The focus for this week was our major Entremet Project. This included not only creating and making our own entremet from scratch, but also writing out all the recipes with methodologies, and costing out the entire thing. We also had a day full of doughnuts, and the rest of the week was spent practicing for next week’s midterm.
This day was a practice day for our entremet. We could make the entire thing start to finish, to make sure it all worked and tasted good. As soon as we were told about the project, I knew I wanted to do something Halloween themed. I was initially thinking maybe something with an orange and black mousse or maybe mousses with the colors of candy corn, but then Ryan suggested that I do a “Coffin Crisp” cake. I love Coffee Crisp and it is a good play on words… So, I decided to go with the Coffin Crisp and try to make a cake that tasted exactly like a Coffee Crisp and make the theme come through in the decorations.
Before we got started on that though, we had to finish up our practice entremet from last week, the one where my partner and I could each choose a mousse to make. We used the opportunity to practice the mousses we were going to use in our own entremet projects, so I made coffee mousse and my partner made salted caramel. Sounds okay so far, but… we had certain other mandatory elements we had to incorporate as well, like a poached pear, meringue sticks, and an apricot jelly layer.
I’m not gonna lie, this thing was both hideous and disgusting. Somehow the combo of a salted caramel mousse, coffee mousse, and an apricot jelly layer didn’t quite work (go figure). Not to mention our pear was HUGE, and we cut the pieces way too thick, so it looked like sushi. I wasn’t going to take a picture of this thing, but Lindsay suggested I should, just so you guys could see what a mess it was.
You’ll just have to trust me on the taste. My coffee mousse was a huge fail by the way, so I’m glad I practiced it. I ended up going with a different recipe.
After this, we moved on to our practice cakes. I didn’t take any pictures, as I was too busy and didn’t remember to. There are some pics of the final version later on.
Practice Entremet – Solo
Practice Entremet from Friday
First thing this morning, we finished up our practice entremets from yesterday and tasted them. A few of the instructors and culinary students came by as well, so we were able to get a lot of feedback. I was really pleased with how my practice cake looked and tasted, though it was a bit on the sweet side. It did taste exactly like a Coffee Crisp, so I was so happy about that! I did end up adding some chopped roasted pecans to the final cake (per Chef Stacy’s recommendation) to tone down some of the sweetness.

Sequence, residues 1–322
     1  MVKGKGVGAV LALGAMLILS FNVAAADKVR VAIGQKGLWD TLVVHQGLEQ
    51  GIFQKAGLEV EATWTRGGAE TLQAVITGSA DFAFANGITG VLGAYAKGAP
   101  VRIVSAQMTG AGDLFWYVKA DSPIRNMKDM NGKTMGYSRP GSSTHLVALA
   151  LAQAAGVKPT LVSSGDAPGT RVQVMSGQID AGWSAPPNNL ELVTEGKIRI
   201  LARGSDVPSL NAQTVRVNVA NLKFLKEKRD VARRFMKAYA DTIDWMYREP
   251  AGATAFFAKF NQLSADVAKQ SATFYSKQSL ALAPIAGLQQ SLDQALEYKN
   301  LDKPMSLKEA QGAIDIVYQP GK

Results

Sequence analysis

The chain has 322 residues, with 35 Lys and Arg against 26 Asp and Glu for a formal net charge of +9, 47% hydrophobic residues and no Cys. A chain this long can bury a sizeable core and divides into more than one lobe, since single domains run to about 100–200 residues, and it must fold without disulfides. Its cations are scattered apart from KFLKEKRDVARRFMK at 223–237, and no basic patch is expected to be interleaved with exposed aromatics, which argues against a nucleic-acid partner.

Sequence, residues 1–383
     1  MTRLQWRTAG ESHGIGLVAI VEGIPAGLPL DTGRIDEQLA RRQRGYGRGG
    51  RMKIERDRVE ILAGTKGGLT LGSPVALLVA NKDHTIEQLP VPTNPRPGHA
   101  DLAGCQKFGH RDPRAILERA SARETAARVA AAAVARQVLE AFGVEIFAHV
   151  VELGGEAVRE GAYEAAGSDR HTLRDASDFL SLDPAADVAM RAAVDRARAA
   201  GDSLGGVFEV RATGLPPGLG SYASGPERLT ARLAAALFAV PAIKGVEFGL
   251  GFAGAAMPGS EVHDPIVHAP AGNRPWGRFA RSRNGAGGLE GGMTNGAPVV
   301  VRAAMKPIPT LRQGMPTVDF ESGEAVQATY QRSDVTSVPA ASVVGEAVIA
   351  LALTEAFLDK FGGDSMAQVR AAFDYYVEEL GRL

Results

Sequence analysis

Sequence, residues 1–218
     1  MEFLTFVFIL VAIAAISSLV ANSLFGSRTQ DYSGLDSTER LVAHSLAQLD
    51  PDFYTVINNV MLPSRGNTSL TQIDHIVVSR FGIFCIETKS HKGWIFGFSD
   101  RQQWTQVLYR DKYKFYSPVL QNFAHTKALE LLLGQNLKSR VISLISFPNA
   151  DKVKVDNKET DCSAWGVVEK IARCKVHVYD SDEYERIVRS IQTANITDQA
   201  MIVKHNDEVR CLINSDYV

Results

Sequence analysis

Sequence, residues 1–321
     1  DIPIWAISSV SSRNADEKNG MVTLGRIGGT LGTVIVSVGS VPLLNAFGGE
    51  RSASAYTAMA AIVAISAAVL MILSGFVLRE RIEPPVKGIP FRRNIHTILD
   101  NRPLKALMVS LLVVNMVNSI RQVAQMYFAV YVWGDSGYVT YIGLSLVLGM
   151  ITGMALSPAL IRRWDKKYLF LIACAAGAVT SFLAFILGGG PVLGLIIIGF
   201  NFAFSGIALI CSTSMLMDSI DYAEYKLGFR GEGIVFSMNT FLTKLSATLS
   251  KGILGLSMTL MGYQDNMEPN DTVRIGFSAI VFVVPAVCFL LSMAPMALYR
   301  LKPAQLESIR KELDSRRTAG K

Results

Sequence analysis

Once that was out of the way, we moved on to the main focus for today…doughnuts! I took a ton of pics, so here they are.
We started with cake doughnuts and doughnut holes.
Doughnut holes coated in cinnamon sugar.
Look how perfect this little guy is!!
The cake doughnuts were dipped in a variety of glazes (chocolate, fondant, dulce de leche) and then topped with a variety of sprinkles.
Almost too pretty to eat!
Then we moved on to yeast doughnuts, which are my favorite. We had to proof these guys just like the breads from a couple weeks ago.
Decorated with the same toppings as the cake doughnuts.
These were meant to be filled, but neither Lindsay nor I like pastry cream, so we only filled like two of them, ha!
Next up were the crullers.
I’m not a huge fan of these to begin with, and unfortunately they lived up to my expectations. Maybe it’s because we undercooked them, but they just weren’t very tasty.
We used leftover scraps from when we did croissants for these. We thawed the dough, mashed the scraps together, and rolled them out.
I’ve had cronuts before, and find them greasy. There’s already SO much butter in the dough, and then you deep fry them… I don’t get what all the hype is about!
Started & Finished:
French Cruller Doughnuts
This was Entremet project day. I’d be lying if I said I wasn’t a bit stressed out, but all the time we had to practice really helped with that. I felt confident about what I was going to make, I just had to make sure I executed it properly!
First thing in the morning, 9am, we had to hand in our report. I’d spent a LOT of time on this. The costing, the recipes, the timeline… it was a lot of work, but I actually kind of enjoyed it.
We also had to do a drawing of our cake and all the layers. Obviously art is not my forte, but I think I got the gist across pretty well! This will also give you guys a better idea of what all the layers were.
Feuilletine is a crunchy layer usually made with milk chocolate and hazelnut paste. I skipped the hazelnut, as I wanted to stay true to the Coffee Crisp flavor.
Three different types of sponges: classic (your standard sponge), japonaise (a crunchy meringue sponge that gets softened by the mousses), and jaconde (decorative outer sponge).
So many people were curious about how I did the jaconde! I wish I had taken more progress pictures, but it was literally the last thing on my mind. The only picture I actually remembered to take was this one.
To make the jaconde, you first spread some chocolate paste onto a Silpat mat (or parchment – silpat is better though). Think toothpaste consistency chocolate paste, so pretty thick. You can spread this on the entire sheet pan and then use a comb or your finger to create designs. I created a template.
Holy crap this template took me a long time. From research, to finding an image, sizing it, and the worst part, cutting it out. The plastic I had was pretty thick, so it was hard to cut through. Start to finish I probably spent about 3 hours on this. I’m so happy with the way it turned out, but I don’t know if I’d do it again :).